Messages from Turkey

Daily: Daily Times
Date: 20.07.16

On July 15, a botched attempt to stage a military coup in Turkey to oust the elected
government of President Tayyip Erdogan dejected and disgruntled the touts of a military
coup in Pakistan. Some Pakistanis claim that they watched on TV a Sheikh Rasheed of
Turkish version sitting on a tank heading for parliament in Ankara. The fate of the tank is
known; however, the fate of the rider is not yet known.
The Move on Pakistan must be ruing
the day it invested millions of rupees in making and displaying flexi posters on main roads in
selected cities inviting the military blatantly to take over Pakistan.

What happened in Turkey was seen with interest in Pakistan because of the shared thread
of military coups in both the countries. Turkey has a history replete with four martial laws
--1960, 1971, 1980, and 1997. Interestingly, a military coup has failed in Turkey, but four
justifications to the miscarriage are given in Pakistan to attenuate the intensity of
embarrassment the failure has brought along for the touts of a military coup.

The first justification is that the coup was planned and staged by only a section of the
Turkish military. However, this is mostly the case. The modern day coups are not planned in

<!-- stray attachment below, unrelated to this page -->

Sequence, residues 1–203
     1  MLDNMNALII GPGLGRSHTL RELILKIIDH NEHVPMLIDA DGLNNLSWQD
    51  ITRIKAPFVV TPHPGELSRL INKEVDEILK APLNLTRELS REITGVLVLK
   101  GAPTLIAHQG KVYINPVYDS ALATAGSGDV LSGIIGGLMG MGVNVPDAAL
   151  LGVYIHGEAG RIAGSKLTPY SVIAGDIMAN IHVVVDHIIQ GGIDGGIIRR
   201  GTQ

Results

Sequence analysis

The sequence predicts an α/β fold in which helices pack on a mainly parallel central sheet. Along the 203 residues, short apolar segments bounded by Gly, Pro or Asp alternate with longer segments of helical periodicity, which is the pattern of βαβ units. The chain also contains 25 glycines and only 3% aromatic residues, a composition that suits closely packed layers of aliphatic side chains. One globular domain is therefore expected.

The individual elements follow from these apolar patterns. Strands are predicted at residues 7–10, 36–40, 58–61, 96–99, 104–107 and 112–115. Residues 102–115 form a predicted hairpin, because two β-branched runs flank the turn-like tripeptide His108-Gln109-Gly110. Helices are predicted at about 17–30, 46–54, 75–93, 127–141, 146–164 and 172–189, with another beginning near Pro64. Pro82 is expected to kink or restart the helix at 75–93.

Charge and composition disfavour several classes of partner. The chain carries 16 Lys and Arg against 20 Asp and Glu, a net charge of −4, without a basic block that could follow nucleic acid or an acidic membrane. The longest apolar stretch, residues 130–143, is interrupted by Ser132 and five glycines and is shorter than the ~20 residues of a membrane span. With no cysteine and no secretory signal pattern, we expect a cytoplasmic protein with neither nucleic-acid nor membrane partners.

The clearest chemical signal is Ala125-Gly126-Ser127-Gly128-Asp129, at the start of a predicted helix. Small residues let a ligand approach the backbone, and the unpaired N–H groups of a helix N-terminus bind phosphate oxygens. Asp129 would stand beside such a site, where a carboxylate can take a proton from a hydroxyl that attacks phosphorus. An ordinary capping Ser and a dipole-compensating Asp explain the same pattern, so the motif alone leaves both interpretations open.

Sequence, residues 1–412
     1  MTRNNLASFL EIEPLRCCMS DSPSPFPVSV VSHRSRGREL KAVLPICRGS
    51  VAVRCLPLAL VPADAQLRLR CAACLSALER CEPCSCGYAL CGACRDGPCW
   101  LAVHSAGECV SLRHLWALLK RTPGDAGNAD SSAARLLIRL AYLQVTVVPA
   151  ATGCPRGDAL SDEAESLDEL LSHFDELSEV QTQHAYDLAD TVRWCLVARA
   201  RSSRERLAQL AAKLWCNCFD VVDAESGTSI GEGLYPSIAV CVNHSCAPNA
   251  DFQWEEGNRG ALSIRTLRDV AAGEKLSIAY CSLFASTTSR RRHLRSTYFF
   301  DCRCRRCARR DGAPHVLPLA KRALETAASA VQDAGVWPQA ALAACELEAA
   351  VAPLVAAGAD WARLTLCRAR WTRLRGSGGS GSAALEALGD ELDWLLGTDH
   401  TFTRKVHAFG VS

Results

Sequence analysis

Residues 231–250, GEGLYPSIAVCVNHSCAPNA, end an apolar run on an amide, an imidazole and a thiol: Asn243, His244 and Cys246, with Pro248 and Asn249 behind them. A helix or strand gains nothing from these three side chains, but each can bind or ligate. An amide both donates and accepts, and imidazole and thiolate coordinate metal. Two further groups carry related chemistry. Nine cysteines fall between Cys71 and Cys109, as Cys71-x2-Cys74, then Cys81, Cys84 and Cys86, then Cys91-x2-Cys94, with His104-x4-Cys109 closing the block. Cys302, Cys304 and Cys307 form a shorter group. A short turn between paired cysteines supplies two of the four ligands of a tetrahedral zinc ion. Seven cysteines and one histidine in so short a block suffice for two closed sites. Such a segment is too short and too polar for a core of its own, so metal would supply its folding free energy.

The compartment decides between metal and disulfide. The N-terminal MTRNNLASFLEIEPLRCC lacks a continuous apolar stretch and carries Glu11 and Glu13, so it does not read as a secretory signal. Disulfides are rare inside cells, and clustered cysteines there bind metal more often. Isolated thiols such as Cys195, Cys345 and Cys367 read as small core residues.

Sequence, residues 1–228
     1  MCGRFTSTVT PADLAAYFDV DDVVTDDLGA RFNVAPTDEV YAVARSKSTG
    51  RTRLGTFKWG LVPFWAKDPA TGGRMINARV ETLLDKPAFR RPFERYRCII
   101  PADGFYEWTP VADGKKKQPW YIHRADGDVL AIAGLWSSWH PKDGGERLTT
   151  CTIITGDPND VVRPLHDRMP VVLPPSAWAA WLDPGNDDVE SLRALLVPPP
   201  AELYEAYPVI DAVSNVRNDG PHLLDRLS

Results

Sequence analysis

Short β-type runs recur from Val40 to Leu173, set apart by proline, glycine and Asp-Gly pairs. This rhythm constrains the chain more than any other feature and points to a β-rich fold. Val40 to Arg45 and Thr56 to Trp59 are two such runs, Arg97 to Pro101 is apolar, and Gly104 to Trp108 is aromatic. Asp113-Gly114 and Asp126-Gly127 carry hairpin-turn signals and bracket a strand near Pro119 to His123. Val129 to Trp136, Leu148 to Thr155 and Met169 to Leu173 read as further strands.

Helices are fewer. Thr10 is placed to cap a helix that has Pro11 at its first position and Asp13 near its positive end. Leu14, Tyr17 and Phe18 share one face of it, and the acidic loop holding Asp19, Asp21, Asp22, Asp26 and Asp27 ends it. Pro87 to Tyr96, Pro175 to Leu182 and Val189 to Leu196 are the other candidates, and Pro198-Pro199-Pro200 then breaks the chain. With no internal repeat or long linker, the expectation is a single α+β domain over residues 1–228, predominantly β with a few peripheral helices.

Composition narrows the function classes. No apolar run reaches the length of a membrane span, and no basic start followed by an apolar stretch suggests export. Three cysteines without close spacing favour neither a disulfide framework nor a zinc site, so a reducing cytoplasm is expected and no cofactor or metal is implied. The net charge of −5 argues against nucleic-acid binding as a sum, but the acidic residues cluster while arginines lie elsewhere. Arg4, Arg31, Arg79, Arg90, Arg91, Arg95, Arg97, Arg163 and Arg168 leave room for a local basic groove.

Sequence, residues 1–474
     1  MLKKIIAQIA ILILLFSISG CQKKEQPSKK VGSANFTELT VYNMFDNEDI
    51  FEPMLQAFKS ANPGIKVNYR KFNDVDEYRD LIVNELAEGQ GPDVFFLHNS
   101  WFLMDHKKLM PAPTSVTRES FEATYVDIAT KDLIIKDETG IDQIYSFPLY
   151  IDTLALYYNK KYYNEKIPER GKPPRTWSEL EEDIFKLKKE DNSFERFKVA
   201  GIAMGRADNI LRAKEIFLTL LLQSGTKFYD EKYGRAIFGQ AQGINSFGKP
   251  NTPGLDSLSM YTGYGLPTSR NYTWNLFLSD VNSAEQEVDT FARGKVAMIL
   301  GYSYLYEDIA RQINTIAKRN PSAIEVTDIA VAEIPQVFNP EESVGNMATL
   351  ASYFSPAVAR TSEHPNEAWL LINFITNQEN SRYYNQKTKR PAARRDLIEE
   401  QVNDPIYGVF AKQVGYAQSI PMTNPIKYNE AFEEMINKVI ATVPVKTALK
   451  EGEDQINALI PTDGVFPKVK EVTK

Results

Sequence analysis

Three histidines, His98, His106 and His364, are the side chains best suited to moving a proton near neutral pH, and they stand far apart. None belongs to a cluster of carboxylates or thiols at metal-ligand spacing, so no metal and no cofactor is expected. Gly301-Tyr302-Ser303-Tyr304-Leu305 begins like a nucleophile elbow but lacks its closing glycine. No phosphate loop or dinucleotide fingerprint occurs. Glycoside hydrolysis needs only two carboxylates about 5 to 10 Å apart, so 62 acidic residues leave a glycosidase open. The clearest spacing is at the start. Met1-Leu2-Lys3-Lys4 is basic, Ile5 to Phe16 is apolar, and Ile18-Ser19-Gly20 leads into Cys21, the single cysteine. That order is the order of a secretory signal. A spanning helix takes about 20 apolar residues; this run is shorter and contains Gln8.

a Corps Commander meeting, but in a close association or a clique. Moreover, coups are
executed by a section of the military followed by the rest of the military. For instance, in
Pakistan, General Pervez Musharraf and three of his colleagues planned the military coup
in 1999, primarily under the fear that a commission could be set on waging the Kargil war
without the approval of the sitting government.

Second, the Turkish coup was disorganised, and that was why it failed. However,
meticulous organisation was visible when the coup makers met their initial targets of seizing
key government buildings in Ankara and Istanbul, and capturing the Turkish chief of army
staff. It was the unexpected resistance offered by people in the streets that turned the coup
turtle. If the coup had not been resisted, the coup would have not only been representative
of the whole army but it would also have been declared well-organised.

Third, only a small number of officers and soldiers were involved. However, the number of
arrested soldiers is more than two thousand. Similarly, about 30 colonels and six generals
have been arrested.

Fourth, only about 10 to 20 thousand people took to the streets, while the rest of Turkey
stayed at home. However, the coup makers surrendered only when they were overwhelmed
by the number of people. Perhaps, the section of the military that staged the coup must
have been told that the Turk would distribute sweets if the military took over the
government. Now the same section must be thinking that they were hoodwinked by the
touts who have now suddenly turned into democrats.

This might be the last attempt in Turkey where the chapter of military coups appears to be